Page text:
Do you remember when Disney used to release those straight-to-video sequels to their wildly popular animated movies? Or, even better, do you remember when they would create animated TV spin-offs of movies like Aladdin or The Lion King? They were pretty much cheapened versions of something you had come to know and love, and they certainly didn’t hold a candle to the original.
The feelings that I had for those (thankfully, Disney traded in any attempt to capitalize on movie spin-offs for Zack and Cody), are very much the same as I had when reading Kung Fu Panda #1 from Ape Entertainment.
The story, titled “Po the Inmate,” is simple (after all, its target demographic is children): Po and the Furious Five are testing out a new prison that, much like Chorh-Gom, is intended to be inescapable. It’s filled with booby-traps as precautions in the event that a prisoner does try to escape. When one of the guards accidentally pushes a lever triggering said booby-traps, the six Kung Fu masters must find a way to deflect several sets of the fail-safes intended to maim their victims.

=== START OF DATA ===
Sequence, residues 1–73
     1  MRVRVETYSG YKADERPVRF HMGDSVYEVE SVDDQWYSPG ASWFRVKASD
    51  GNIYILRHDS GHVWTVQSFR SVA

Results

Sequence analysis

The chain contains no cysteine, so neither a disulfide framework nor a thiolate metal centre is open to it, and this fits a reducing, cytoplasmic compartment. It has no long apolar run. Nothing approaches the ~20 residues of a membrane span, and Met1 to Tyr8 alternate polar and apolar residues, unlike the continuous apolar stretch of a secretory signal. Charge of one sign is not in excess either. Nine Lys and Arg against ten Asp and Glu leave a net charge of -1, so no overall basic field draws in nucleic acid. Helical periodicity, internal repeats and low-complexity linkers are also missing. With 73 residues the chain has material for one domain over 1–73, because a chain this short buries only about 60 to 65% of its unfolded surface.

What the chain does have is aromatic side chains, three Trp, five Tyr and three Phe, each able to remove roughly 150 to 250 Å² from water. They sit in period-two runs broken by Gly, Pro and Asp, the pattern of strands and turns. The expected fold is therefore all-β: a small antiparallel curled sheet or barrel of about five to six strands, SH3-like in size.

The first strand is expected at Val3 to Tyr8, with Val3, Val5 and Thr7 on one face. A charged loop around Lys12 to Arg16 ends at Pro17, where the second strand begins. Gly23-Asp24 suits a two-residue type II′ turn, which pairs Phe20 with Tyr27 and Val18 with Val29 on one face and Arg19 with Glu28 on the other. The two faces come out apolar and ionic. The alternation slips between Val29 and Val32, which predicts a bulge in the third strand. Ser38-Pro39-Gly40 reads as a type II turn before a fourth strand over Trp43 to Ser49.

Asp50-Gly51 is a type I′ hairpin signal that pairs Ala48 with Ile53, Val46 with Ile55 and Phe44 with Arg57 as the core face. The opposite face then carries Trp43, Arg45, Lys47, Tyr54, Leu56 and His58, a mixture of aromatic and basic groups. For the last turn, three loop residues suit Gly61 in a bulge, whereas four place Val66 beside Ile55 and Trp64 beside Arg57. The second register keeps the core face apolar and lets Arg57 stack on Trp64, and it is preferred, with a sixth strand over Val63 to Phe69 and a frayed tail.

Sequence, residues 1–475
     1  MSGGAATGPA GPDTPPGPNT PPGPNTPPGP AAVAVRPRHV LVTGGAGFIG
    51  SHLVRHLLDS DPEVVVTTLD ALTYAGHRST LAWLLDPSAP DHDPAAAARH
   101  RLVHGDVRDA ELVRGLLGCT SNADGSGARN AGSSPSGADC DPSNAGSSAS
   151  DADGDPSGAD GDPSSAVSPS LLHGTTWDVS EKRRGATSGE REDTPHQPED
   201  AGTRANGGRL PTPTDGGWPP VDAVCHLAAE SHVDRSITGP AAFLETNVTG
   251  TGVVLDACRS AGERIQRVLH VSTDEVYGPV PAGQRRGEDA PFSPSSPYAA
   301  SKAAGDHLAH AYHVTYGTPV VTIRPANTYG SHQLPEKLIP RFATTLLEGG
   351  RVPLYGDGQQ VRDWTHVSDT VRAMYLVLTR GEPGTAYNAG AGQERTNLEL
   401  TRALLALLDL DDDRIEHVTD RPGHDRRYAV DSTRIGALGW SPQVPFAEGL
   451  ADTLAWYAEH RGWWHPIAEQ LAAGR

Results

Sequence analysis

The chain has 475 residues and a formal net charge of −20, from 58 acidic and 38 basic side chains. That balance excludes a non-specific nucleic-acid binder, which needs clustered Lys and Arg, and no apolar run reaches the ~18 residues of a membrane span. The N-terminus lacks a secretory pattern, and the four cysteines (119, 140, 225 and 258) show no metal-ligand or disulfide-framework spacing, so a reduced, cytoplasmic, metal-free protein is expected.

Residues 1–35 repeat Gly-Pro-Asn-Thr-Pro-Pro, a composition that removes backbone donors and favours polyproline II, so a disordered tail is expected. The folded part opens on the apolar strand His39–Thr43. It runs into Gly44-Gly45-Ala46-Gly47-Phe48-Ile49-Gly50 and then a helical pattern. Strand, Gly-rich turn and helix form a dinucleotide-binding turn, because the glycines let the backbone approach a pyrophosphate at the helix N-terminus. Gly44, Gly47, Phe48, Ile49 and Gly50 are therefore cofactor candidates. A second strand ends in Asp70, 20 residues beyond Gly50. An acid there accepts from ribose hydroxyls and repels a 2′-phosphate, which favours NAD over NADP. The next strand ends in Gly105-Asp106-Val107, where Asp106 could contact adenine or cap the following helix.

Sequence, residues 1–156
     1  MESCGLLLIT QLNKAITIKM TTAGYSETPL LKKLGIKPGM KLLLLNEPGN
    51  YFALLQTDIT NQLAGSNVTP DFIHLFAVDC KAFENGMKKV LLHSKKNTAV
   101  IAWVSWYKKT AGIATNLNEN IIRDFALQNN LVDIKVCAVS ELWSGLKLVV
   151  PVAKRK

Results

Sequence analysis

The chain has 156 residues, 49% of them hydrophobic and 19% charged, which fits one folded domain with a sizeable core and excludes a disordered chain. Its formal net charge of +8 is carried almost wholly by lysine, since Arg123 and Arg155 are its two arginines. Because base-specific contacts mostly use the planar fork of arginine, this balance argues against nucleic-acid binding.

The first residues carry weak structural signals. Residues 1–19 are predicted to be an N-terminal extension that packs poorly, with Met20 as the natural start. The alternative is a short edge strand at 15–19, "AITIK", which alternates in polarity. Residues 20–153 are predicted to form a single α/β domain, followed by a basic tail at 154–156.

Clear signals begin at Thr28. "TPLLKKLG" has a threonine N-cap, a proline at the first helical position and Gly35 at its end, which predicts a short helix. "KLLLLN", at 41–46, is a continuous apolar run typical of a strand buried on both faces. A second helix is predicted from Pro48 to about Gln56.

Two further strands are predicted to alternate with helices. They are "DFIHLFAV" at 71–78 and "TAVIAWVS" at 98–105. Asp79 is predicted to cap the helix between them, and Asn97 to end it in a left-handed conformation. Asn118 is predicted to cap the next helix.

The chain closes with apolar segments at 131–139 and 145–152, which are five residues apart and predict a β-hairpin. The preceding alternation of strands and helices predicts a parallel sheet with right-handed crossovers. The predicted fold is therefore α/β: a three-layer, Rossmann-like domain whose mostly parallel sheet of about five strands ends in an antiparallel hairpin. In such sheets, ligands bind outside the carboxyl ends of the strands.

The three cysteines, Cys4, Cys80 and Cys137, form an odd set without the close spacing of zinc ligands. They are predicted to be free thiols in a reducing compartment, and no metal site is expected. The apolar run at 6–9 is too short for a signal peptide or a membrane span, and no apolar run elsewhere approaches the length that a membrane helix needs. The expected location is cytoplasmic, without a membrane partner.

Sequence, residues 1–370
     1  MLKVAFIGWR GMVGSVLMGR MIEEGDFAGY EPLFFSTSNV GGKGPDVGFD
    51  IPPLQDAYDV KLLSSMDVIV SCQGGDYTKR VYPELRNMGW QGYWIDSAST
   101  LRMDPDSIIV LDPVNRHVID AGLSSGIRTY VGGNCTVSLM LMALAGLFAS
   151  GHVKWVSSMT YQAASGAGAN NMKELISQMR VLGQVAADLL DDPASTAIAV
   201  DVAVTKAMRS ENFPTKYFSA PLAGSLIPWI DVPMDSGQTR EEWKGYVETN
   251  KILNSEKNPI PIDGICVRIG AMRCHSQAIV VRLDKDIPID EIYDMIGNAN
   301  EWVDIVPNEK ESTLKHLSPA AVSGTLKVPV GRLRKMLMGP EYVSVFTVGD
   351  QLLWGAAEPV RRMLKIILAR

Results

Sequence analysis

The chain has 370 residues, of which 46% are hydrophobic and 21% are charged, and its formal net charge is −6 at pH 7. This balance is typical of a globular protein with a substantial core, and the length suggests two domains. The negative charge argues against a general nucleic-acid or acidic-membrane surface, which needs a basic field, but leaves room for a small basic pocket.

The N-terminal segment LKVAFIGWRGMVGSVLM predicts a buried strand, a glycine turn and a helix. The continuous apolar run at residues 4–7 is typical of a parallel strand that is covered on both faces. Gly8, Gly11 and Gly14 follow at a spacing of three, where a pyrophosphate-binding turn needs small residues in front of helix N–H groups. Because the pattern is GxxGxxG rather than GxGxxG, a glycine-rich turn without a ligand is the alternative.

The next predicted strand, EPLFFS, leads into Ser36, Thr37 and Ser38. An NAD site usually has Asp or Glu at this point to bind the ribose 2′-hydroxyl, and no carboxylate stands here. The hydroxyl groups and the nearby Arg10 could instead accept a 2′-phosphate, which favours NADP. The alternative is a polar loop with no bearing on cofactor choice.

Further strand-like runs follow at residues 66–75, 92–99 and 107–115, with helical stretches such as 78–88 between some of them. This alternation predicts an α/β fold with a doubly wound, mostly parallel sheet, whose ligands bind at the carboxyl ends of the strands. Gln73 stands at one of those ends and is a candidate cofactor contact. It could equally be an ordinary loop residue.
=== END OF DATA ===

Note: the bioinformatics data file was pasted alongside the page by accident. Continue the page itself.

While it’s a great effort to recreate the magic of the original film, Matt Anderson’s writing couldn’t fool me, and it certainly won’t fool any Kung Fu Panda fans with even a slightly cultured palate. With its watered-down dialogue and unsuccessful attempts to create humor in the vein of the original Dreamworks movie, it’s uncertain that Kung Fu Panda #1 would even please the franchise’s youngest fans.
The artwork is another story. CV Designs bring Po and the Furious Five into comic form flawlessly, creating images that are so reminiscent of the film that it’s almost scary, with colors that really pop to boot.
The first issue also features a vignette titled “173 Assassins,” about the legendary battle of Master Croc against, you guessed it, 173 assassins. It’s a short and sweet supplement that helps lift an otherwise flat and imitative comic. Kudos go out to Christine Larsen who brings vibrant blues and greens to this short, and to writer Chad Lambert, who creates a fairly engaging eight-page tale.
Despite the disappointment in the Kung Fu Panda #1, I still can’t wait for Kung Fu Panda 2 to hit theaters May 26.